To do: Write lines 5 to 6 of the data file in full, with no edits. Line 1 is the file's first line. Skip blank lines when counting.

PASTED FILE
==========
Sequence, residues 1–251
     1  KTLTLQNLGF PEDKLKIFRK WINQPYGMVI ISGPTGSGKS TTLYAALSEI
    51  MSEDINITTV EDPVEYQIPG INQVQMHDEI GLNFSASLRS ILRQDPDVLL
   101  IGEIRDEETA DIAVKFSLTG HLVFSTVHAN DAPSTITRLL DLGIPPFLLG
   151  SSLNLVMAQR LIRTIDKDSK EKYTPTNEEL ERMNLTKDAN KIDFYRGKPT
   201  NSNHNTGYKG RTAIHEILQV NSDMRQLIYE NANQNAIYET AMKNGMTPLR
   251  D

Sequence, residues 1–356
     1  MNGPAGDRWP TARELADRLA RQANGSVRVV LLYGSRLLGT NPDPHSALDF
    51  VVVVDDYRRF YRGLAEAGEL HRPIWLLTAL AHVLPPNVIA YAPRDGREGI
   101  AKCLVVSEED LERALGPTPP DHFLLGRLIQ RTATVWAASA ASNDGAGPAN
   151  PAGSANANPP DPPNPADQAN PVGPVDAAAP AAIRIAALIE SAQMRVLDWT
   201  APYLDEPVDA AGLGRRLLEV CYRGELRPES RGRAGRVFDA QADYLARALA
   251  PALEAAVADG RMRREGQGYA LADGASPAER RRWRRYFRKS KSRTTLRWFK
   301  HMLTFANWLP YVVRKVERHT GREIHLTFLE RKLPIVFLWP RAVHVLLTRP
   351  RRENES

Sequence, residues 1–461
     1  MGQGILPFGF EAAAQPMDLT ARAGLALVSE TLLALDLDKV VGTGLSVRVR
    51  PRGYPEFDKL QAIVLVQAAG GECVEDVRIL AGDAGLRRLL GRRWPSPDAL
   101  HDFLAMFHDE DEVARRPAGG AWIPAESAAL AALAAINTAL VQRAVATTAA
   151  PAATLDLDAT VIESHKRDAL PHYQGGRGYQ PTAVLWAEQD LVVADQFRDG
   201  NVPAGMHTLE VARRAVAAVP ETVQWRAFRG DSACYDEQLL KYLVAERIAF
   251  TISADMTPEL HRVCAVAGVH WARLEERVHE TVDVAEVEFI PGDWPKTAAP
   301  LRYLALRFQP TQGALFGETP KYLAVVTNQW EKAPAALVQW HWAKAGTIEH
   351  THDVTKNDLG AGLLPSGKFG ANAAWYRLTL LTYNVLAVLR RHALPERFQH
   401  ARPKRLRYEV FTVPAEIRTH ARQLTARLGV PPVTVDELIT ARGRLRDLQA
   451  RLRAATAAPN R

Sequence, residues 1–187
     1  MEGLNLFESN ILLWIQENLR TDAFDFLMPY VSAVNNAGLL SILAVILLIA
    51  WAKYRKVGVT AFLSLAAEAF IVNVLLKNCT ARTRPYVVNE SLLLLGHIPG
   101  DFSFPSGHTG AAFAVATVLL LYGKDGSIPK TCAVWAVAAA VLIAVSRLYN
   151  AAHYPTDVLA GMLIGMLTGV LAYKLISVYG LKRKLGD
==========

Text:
   151  SSLNLVMAQR LIRTIDKDSK EKYTPTNEEL ERMNLTKDAN KIDFYRGKPT
   201  NSNHNTGYKG RTAIHEILQV NSDMRQLIYE NANQNAIYET AMKNGMTPLR